Havana announced Thursday it wants “all Cubans” to be connected to the Internet by 2020, a goal the United States says will be difficult given the government’s communications monopoly.
The communist island already has one of the world’s lowest connectivity rates, with only 3.4 percent of the population able to access the Internet from home in 2013.
“The Cuban government is working to ensure that the IT resources and Internet are available and accessible to all Cubans” in five years, Communication Ministry IT director Ernesto Rodriguez said, according to the official news website Cubadebate.
A push to include all households reaches beyond a goal set by the United Nations for 50 percent of the population in developing countries to have Internet access in five years at a price of less than five percent of their monthly revenue.
On Monday, a senior US official close to talks with Havana questioned Cuba’s ability to deliver on even 50 percent Internet access by 2020 if it doesn’t lift the state’s monopoly on telecommunications and allow in private sector competitors and foreign investment.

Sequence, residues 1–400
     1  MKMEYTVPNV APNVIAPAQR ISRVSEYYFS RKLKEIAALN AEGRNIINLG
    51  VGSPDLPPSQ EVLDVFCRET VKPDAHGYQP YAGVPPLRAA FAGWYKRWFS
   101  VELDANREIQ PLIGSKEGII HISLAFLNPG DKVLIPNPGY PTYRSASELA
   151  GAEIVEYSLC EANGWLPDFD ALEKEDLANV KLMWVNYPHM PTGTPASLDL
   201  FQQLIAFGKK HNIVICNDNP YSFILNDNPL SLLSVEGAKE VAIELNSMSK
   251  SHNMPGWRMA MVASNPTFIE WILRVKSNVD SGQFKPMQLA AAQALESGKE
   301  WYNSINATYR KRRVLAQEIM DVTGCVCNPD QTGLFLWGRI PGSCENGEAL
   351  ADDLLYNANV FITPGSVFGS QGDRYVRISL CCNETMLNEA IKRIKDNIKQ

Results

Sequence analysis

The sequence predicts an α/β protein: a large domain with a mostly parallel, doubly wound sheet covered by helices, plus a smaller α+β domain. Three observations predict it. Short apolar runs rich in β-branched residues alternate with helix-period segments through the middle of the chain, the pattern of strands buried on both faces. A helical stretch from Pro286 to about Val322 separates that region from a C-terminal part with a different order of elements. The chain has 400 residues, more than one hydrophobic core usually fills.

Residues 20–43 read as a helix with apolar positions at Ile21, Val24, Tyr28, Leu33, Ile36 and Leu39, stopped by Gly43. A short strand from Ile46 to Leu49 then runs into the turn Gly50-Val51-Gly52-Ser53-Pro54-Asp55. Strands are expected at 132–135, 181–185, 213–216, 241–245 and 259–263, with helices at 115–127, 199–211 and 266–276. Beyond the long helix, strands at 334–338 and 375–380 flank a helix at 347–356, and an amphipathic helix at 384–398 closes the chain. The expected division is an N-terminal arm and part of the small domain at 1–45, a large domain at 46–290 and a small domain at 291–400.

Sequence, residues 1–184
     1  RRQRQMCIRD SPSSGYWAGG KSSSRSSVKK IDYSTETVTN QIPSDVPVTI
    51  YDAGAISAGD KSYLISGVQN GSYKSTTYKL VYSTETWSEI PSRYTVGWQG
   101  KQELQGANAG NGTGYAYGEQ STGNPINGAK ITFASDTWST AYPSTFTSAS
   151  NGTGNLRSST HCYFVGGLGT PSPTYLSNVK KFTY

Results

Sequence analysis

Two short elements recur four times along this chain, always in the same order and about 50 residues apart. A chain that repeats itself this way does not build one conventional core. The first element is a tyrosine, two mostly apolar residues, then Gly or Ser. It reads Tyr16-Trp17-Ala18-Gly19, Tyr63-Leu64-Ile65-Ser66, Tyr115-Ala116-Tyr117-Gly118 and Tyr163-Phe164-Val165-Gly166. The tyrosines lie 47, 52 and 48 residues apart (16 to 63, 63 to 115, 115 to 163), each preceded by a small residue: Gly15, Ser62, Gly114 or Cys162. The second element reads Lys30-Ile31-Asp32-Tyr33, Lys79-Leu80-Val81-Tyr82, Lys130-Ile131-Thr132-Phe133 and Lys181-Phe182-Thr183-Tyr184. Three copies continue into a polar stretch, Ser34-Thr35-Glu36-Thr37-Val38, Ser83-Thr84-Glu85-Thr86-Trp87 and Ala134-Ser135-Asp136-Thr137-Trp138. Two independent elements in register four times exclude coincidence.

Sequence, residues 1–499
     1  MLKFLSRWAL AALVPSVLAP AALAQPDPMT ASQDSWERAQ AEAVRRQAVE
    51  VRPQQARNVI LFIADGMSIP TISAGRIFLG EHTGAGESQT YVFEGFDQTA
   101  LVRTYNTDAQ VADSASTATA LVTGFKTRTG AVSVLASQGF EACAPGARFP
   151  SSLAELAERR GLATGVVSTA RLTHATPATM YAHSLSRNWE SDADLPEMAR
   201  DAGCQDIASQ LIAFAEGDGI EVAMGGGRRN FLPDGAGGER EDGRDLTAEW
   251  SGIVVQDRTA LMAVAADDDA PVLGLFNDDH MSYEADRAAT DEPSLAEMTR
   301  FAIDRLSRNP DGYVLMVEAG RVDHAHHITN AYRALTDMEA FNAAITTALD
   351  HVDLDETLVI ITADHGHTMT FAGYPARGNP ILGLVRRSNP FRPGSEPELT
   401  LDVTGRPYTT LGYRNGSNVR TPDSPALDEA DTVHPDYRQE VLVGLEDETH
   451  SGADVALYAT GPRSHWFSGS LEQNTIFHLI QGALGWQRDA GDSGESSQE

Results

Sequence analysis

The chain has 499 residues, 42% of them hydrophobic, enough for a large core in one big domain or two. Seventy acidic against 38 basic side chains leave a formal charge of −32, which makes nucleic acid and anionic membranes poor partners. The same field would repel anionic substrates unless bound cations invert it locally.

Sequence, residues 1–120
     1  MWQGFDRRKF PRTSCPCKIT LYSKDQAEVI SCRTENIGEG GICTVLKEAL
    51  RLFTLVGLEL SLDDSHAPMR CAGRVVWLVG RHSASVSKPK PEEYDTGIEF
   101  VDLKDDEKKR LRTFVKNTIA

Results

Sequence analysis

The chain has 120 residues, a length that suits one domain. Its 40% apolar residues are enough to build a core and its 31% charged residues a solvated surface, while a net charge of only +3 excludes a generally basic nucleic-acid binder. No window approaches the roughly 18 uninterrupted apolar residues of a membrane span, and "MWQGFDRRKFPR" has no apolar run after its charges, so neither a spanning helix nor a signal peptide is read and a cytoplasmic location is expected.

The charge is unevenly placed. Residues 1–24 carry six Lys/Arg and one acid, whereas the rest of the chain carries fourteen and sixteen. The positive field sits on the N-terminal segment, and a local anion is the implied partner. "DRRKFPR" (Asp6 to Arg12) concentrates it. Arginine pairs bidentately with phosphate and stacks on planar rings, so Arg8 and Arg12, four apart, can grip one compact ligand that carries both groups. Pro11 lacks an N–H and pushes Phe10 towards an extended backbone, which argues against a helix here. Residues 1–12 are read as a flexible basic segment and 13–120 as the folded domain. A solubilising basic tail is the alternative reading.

“They are looking for mechanisms by which, in the first instance, they can expand connectivity while at the same time retaining their mechanism for market management,” the State Department official said.
Last week, a US delegation traveled to Cuba to follow up on re-establishing normal telecommunications links as part of the two countries’ bid to normalize ties.
Washington and Havana have held a series of talks since US President Barack Obama and Cuban President Raul Castro decided in December to work to restore full relations severed more than 50 years ago.